17:00 - 19:00 26 June 2012
Location: UCL Energy Institute
The Durban Climate Change Conference, held in December 2011, arrived at a set of historic decisions under the climate regime 36 hours after the scheduled end of the conference.The climate regime has been plagued in the last few years, in particular after the debacle at Copenhagen, by uncertainty and doubt. Doubt over its ability to meet climate goals, and uncertainty over its future, in particular that of the Kyoto Protocol, 1997.
At Durban, parties strengthened the climate regime with decisions to implement the Cancun Agreements, 2010, extend the beleaguered Kyoto Protocol, 1997, for a second commitment period, and launched a new process to negotiate a post-2020 climate regime. This new process, christened the Ad-Hoc Working Group on the Durban Platform for Enhanced Action (ADP), is intended to craft the agreement that will govern, regulate and incentivize the next generation of climate actions.
This talk will seek to parse the text of the decision launching the ADP with a view to distilling the central premises of the negotiations for a post-2020 climate regime, as well as identifying the likely gaps it will have. This talk is based on an article that appears in the current issue of the ICLQ (L Rajamani, 'The Durban Platform for Enhanced Action And the Future of the Climate Regime', (2012) 61(2) Int’l & Comp. L. Qtrl’y 501-518).
About the speaker
Lavanya Rajamani, LL.M. (Yale), B.C.L. & D.Phil. (Oxon), is a Professor at the Centre for Policy Research, New Delhi, and visiting fellow at the Smith School of Enterprise and the Environment at Oxford University. She was previously a University Lecturer in Environmental Law, and Fellow & Director of Studies in Law at Queens’ College, Cambridge. She is author of Differential Treatment in International Environmental Law (OUP, 2006), co-editor of Implementation of International Environmental Law (Hague Academy of International Law, 2011), Promoting Compliance in an Evolving Climate Regime (CUP, 2011) Climate Change Liability: Transnational Law and Practice (CUP, 2011) and of numerous articles in peer-reviewed legal journals.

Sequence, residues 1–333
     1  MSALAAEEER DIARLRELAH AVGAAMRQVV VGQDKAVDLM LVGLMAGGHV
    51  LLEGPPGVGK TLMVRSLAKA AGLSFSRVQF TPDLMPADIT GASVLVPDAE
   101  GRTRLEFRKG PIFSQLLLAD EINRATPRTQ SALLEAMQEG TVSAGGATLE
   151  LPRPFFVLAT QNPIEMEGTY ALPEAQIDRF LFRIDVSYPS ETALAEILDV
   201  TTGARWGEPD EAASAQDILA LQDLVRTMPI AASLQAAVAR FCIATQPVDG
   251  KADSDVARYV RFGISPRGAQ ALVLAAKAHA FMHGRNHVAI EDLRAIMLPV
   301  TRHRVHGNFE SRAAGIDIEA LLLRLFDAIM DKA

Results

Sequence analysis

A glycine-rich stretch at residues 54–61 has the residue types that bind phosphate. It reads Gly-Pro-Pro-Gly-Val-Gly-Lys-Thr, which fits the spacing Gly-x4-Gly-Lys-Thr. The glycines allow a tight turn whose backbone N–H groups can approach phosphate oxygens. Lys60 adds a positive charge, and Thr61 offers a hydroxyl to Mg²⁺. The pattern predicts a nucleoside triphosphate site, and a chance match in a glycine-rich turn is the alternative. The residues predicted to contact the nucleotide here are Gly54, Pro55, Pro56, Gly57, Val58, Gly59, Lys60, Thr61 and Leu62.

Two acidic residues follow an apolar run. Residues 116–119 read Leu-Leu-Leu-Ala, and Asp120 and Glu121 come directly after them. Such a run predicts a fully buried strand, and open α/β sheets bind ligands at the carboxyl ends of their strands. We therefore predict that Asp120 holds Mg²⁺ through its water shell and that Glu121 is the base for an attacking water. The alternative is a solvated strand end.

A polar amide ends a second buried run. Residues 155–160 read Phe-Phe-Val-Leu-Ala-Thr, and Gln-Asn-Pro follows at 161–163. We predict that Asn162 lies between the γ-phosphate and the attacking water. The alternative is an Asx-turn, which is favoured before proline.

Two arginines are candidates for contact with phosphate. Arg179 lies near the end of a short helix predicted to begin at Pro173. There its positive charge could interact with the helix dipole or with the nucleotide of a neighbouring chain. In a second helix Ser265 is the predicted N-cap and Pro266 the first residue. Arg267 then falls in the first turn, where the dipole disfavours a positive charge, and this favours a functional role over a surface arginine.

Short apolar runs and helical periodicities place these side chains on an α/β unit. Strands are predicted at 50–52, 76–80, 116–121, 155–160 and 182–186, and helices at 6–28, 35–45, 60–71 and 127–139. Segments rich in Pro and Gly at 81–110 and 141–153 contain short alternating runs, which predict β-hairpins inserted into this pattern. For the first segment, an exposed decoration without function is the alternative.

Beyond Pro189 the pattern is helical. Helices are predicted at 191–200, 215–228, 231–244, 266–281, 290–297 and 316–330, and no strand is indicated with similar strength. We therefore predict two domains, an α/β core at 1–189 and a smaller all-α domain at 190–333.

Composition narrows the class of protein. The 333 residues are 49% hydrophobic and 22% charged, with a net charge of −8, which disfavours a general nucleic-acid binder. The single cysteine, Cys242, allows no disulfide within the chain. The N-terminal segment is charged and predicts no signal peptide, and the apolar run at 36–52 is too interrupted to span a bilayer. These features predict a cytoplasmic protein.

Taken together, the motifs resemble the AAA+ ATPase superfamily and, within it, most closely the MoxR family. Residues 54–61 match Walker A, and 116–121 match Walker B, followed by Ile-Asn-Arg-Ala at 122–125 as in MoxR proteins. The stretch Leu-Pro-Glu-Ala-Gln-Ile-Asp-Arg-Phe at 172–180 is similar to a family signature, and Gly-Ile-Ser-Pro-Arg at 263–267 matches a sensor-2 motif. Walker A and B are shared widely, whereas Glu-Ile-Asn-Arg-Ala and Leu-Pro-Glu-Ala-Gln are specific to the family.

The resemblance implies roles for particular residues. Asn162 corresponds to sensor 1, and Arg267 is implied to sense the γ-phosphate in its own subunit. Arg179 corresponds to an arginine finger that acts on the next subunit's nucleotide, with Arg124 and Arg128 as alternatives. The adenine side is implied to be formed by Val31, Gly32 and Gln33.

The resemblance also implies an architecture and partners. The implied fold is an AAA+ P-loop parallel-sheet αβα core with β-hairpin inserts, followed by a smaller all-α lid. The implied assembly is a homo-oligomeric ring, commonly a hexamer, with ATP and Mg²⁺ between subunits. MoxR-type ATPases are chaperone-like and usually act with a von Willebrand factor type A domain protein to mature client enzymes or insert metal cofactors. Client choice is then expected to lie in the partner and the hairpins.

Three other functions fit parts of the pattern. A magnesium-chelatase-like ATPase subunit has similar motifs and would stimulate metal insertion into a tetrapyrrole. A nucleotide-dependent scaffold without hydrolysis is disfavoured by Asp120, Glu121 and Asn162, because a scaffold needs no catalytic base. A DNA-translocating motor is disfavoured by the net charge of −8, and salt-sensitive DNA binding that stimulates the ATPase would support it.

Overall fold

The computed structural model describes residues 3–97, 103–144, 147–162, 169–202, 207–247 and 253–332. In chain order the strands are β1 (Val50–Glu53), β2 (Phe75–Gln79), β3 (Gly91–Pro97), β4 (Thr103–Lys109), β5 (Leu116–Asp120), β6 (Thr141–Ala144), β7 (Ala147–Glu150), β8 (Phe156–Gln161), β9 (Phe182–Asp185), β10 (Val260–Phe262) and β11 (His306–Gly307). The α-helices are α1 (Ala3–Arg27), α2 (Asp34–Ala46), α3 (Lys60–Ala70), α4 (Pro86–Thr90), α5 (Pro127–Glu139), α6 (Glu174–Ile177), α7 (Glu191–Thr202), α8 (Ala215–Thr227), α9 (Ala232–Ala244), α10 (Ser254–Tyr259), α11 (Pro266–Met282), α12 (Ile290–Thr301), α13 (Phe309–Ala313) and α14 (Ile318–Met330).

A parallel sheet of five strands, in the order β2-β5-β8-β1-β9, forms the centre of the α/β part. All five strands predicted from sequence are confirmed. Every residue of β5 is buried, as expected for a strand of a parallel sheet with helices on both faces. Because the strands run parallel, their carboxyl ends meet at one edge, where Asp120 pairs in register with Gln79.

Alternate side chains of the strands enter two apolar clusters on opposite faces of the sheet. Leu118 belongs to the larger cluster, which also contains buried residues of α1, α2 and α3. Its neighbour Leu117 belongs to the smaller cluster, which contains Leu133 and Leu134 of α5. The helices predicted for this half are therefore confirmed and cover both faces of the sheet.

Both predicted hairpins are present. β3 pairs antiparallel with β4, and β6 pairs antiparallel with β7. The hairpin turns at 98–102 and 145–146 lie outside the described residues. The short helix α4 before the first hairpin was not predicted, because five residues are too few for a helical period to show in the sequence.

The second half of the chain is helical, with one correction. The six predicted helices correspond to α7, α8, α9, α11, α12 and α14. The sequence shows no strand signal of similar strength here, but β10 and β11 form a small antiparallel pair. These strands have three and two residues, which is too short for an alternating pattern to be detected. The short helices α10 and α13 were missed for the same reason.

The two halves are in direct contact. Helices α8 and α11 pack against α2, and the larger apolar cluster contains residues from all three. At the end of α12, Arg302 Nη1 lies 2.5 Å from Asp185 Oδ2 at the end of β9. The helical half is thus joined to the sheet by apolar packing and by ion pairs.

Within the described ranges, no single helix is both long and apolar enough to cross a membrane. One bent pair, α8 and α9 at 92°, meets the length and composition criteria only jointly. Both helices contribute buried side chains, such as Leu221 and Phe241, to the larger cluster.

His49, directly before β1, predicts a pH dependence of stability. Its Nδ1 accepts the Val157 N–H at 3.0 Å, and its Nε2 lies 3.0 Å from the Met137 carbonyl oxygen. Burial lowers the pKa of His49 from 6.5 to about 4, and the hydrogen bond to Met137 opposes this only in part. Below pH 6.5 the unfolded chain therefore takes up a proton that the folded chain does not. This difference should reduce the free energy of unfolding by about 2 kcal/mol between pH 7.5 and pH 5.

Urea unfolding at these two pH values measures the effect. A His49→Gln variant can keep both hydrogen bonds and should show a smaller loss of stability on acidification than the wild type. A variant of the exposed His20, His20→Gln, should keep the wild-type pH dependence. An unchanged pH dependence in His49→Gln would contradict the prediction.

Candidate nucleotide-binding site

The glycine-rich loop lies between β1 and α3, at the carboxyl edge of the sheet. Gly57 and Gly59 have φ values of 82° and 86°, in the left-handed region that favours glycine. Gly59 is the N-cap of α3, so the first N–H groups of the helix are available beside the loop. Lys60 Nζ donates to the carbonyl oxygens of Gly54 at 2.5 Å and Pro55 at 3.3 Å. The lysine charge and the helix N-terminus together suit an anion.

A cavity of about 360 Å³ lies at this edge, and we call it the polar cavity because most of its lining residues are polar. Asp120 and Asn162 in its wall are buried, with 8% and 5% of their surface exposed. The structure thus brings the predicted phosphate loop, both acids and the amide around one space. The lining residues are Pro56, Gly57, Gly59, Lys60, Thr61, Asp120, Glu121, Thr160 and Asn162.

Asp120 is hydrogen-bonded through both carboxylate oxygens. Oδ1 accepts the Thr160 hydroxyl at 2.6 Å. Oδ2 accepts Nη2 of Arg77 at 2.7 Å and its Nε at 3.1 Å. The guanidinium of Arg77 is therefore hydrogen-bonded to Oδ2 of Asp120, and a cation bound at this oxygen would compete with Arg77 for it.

She is the Rapporteur for the International Law Association’s Committee on Legal Principles Relating to Climate Change. She has worked as a consultant to, among others, the UN Framework Convention on Climate Change (FCCC) Secretariat, the Indian Ministry for Environment and Forests, the Danish Ministry of Climate Change and Energy, the UNDP, the World Bank, and the Alliance of Small Island States (AOSIS). Lavanya writes, teaches and advises on international environmental law, in particular international climate change law and policy.
The seminar will be followed by drinks and nibbles and the opportunity to network
Directions within Central House:
you have given your name to security on the ground floor please use the
lift or stairs to the first floor. Go through the door on the right
hand side and walk to the end of the corridor, where you will find the
Jevons meeting room on the left hand side.